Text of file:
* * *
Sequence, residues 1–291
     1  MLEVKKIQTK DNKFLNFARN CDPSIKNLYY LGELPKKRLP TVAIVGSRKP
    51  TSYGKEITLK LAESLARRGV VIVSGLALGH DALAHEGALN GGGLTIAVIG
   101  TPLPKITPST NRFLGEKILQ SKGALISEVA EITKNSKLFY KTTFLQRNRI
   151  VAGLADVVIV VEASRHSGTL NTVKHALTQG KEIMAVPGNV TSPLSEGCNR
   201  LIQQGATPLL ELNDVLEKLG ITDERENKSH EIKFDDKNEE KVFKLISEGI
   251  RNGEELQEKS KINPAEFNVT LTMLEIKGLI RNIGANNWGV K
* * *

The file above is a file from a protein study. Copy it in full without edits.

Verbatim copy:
Sequence, residues 1–291
     1  MLEVKKIQTK DNKFLNFARN CDPSIKNLYY LGELPKKRLP TVAIVGSRKP
    51  TSYGKEITLK LAESLARRGV VIVSGLALGH DALAHEGALN GGGLTIAVIG
   101  TPLPKITPST NRFLGEKILQ SKGALISEVA EITKNSKLFY KTTFLQRNRI
   151  VAGLADVVIV VEASRHSGTL NTVKHALTQG KEIMAVPGNV TSPLSEGCNR
   201  LIQQGATPLL ELNDVLEKLG ITDERENKSH EIKFDDKNEE KVFKLISEGI
   251  RNGEELQEKS KINPAEFNVT LTMLEIKGLI RNIGANNWGV K